Concern grows as another case of West Nile Virus is confirmed in the USA
The first equine case of West Nile Virus (WNV) has been found in North Dakota, the 14th American state to contract the disease.
Fears are now growing about the speed at which the virus is spreading across the United States. Earlier this month a case was recorded in Texas, an area previously free of the disease, while in Arkansas an infected blue jay has been found.
WNV causes encephalitis which is inflammation of the brain. Until 1999, it had been found in Africa, western Asia, the Middle East and the Mediterranean. In 1999, it was first found in the New York City areaand has since spread down the eastern coast, infiltrating the country, state by state.
The virus is carried by mosquitoes. It occasionally affects vertebrate populations such as humans or horses, but there is no evidence to date that it can be passed between the species.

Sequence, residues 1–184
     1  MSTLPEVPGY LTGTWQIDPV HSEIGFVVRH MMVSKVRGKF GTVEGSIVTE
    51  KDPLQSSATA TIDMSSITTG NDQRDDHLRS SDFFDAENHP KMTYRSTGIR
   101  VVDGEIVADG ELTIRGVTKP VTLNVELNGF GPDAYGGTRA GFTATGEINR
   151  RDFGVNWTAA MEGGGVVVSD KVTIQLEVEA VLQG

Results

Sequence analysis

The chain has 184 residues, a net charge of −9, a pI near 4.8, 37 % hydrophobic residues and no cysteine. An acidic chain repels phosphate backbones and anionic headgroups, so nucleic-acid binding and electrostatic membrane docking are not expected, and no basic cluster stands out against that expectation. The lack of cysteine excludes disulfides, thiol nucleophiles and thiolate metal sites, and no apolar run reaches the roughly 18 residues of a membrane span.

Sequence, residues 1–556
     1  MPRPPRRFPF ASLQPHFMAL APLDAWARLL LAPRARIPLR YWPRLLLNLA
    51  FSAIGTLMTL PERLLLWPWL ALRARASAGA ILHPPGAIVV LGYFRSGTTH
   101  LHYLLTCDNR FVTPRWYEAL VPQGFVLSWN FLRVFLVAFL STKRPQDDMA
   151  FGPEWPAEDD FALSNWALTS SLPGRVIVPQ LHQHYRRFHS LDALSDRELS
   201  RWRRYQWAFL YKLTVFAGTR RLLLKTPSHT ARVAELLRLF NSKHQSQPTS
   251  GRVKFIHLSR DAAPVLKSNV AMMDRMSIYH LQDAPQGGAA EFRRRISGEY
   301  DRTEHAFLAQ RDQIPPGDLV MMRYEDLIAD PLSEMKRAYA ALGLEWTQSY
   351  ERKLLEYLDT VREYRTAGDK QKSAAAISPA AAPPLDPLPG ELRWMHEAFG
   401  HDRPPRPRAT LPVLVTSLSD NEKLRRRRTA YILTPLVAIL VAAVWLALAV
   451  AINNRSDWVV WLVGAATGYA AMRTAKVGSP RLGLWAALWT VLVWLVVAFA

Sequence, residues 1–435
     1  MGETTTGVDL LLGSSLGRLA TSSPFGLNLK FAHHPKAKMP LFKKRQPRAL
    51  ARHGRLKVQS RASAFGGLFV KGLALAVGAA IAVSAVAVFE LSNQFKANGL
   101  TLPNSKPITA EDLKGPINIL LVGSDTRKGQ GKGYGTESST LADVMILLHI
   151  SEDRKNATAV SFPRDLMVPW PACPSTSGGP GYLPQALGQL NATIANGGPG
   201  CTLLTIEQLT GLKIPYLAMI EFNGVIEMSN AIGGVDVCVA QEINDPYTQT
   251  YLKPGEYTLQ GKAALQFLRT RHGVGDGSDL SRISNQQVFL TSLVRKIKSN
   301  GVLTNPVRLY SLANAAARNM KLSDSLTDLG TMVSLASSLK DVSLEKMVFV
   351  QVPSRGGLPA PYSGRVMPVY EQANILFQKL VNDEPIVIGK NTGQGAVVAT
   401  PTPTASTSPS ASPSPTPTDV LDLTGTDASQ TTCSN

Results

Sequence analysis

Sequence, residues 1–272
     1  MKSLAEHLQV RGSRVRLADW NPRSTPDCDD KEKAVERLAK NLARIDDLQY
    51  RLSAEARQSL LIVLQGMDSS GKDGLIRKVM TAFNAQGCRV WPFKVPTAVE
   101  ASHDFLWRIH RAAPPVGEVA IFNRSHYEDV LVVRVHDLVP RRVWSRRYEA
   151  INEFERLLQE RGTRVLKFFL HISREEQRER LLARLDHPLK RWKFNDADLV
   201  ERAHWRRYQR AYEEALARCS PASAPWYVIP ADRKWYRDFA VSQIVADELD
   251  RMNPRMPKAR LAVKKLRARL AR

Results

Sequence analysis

Horses are more likely to be affected than any other domestic animal.
Not every infected animal will show signs of illness but symptoms include twitching, hypersensitivity, listlessness, disinterest in food, loss of co-ordination, weakness of limbs, ataxia and paralysis.
Although not always fatal, death can occur and there is no specific treatment for the virus, only supportive care, including anti-inflammatory medication.
Government guidelines stress the need for prevention. A vaccine has been available since August 2001 and the use of insect-screened housing with fans and insect repellents are both advised.
Dr James Wood, head of epidemiology at Newmarket’s Animal Health Trust suggests that the spread of the disease in the USA is a cause for concern for the equestrian community in Europe.
“A case in the south of France was linked to migrating egrets from the Sudan and we do haveegrets and mosquitoes in southern England, although not in sufficient numbers for the disease to become endemic.”
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